Mrs. Vicky Smith said...

Just wanted to tell you that I will be praying for your son's surgery to go well.

I grew up on a 250 acre farm with 5 siblings. We had all that we needed but Daddy worked from daylight to dark most days and even had a second job for many years. Land was less expensive back then but he worked for years to pay for it. It was definitly a working dirt farm. My three older brothers worked anytime that they were not in school and we three girls helped Mama with meals, clothes and cleaning. Hmmmm...a lot of took all of us working. Yes, we had all that we needed and when my daddy died he left an inheritance to his children but he never got rich and he never took advantage of others. The farmer is NOT to blame!

JulieMom said...

Way to go Wife!!

I, too, raise a talon in defense!!

becky said...

If is the store I think you are talking about I am gonna have to make a couple of calls about that one! I am serious on this. For a company that "supports" it's local farmers that is a huge contradiction. Most likely it had to be an ingnorant person who wrote it and quite frankly people should make a stink about it. I am wondering if upper management knows about this.

Ginger said...

Hmm me thinks I am gonna shop at another store... It best not be the Chinamart store..... I am so ready to never shop there. But its cheap. Hmm is it the other W store in the area.... I buy my wheat berries and make my own, I'd more then happy to make some for you vickie!

Carolee's Corner Canary Islands said...

Farmers deserve every hard earned penny they work for--and they definitely aren't getting rich. If you calculated what they get paid for every hour they put in, it would be very interesting. Most wouldn't work as a farmer, (they couldn't handle it. Where would we be without them--praise the Lord for their hard, backbreaking work. If I saw that sign in a store, I would definitely let the management know I didn't appreciate it.

the reynolds said...

Interesting topic. I am a dairy farmers wife. I hear the price of milk in the store is high. I wouldn't know because we just go to the barn and dip it out of our tank! Here's some stats for you - and MORE are paying more for milk, we are paying more for feed. The corn that we used to buy for $100/ton is now $220, the soybean meal that was $180 - $200 is now $400, the hay that was $150 is now $300. Notice these prices have doubled? Our price for milk has not. It has come up which is good for us, or YOU may not have milk unless you have your own cow! We cannot continue to produce a "crop" with soaring input costs, and yet the farmer doesn't get what he needs to meet the production costs. We praise the Lord for the strong milk prices. However, we too have been told it's because of ethanol. Corn once grown for cattle (ours) now goes to the ethanol plant. Yes it is recycled, but for many of us, it comes back in a not readily usable form. Long story. So corn is in short supply for us and it is a main ingredient in our ration. I wonder - is the ethanol "problem" a Gov. smokescreen?? Vicki - don't be offended - this is the life of a dairy farmer! We'll always love (and defend) McCracken Acres!!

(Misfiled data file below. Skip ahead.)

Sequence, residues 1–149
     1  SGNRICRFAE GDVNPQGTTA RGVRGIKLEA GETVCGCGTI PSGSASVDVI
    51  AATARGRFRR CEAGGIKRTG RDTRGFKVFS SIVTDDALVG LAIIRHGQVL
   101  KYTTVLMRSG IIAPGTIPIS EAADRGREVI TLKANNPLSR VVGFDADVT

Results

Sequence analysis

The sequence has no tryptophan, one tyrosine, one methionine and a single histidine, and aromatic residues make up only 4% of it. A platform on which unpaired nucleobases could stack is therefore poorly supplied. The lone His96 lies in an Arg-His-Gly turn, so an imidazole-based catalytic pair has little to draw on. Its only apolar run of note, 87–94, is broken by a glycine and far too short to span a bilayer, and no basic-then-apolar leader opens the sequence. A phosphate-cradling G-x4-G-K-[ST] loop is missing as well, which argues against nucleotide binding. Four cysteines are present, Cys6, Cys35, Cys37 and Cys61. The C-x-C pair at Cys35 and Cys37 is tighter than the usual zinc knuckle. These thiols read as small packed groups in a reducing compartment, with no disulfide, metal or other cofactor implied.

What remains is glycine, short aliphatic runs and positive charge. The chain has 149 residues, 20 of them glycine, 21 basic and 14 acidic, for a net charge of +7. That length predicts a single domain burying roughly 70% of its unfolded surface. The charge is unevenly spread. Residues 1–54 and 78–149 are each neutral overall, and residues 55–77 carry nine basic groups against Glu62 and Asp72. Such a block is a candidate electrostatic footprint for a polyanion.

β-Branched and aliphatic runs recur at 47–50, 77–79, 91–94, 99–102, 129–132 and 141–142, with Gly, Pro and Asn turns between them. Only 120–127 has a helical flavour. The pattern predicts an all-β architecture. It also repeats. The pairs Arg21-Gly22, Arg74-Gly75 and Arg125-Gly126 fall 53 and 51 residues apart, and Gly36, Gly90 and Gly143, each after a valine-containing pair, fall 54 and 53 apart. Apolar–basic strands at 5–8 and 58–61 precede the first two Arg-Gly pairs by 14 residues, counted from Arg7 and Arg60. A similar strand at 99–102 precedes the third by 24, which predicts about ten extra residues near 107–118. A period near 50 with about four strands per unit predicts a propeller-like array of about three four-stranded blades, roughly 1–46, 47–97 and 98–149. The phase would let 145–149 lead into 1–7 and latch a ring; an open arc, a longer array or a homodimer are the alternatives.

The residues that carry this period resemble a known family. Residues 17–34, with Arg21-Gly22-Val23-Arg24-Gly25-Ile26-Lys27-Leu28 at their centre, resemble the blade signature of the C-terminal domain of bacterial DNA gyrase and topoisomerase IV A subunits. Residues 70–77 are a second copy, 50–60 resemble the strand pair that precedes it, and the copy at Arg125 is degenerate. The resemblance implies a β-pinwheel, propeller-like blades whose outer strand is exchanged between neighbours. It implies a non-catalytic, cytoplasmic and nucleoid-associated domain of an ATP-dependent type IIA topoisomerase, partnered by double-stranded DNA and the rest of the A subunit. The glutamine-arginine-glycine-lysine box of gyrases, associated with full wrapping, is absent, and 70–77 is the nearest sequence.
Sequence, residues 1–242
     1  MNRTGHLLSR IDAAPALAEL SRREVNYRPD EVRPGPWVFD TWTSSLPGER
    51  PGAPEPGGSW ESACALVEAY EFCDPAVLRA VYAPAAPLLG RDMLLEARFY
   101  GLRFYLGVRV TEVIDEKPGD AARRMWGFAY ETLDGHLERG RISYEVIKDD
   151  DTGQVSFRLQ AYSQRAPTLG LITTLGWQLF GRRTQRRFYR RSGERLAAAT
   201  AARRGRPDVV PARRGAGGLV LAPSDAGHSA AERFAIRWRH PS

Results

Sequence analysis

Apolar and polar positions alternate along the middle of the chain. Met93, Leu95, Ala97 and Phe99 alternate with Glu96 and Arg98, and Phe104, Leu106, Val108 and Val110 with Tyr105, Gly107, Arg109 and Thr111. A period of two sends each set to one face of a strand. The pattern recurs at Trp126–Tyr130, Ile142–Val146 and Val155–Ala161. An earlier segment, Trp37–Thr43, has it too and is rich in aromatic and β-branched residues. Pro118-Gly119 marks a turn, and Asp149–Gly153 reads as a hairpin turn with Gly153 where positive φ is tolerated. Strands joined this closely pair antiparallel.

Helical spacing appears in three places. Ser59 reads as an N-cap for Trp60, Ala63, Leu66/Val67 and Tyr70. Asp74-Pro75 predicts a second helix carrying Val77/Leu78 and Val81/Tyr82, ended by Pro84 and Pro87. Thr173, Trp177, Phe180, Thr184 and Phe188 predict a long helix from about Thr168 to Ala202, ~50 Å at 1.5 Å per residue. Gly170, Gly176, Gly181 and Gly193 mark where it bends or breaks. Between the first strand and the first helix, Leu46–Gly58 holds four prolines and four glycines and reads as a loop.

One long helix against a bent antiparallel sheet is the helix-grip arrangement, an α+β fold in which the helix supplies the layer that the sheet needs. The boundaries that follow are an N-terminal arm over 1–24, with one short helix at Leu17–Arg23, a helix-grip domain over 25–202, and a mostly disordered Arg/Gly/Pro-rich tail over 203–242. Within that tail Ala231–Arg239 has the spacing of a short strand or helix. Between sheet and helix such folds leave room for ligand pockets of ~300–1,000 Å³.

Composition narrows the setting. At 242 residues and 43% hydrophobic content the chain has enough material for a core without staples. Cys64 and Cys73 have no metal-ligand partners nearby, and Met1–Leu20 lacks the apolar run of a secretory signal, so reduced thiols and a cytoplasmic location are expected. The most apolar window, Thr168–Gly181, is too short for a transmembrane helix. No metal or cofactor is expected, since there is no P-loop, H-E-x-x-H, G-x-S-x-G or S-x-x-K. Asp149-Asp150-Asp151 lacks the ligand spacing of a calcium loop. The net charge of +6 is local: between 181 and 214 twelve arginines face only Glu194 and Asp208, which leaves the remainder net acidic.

Christina J. Ford said...

lol all the libs are crazy, don't even give them the time of day:)

Victoria said...

Thank you all so much for your support of farmers!!!!! I love people who love farmers!

Gail -
No offense taken. All types of farmers are taking a hit. We're making more money in some areas, but spending more in others. I have the HIGHEST regard for dairy farmers. Especially Christian dairy farmers with large families!:)

Mrs. Butler said...

Thank you for posting this! I love buying local and supporting farmers who work SO hard - even if it costs me a bit more. Kudos for the sign misplacement and taking your business elsewhere :)

Blogger said...

Find out how 1,000's of people like YOU are earning their LIVING from home and are living their dreams TODAY.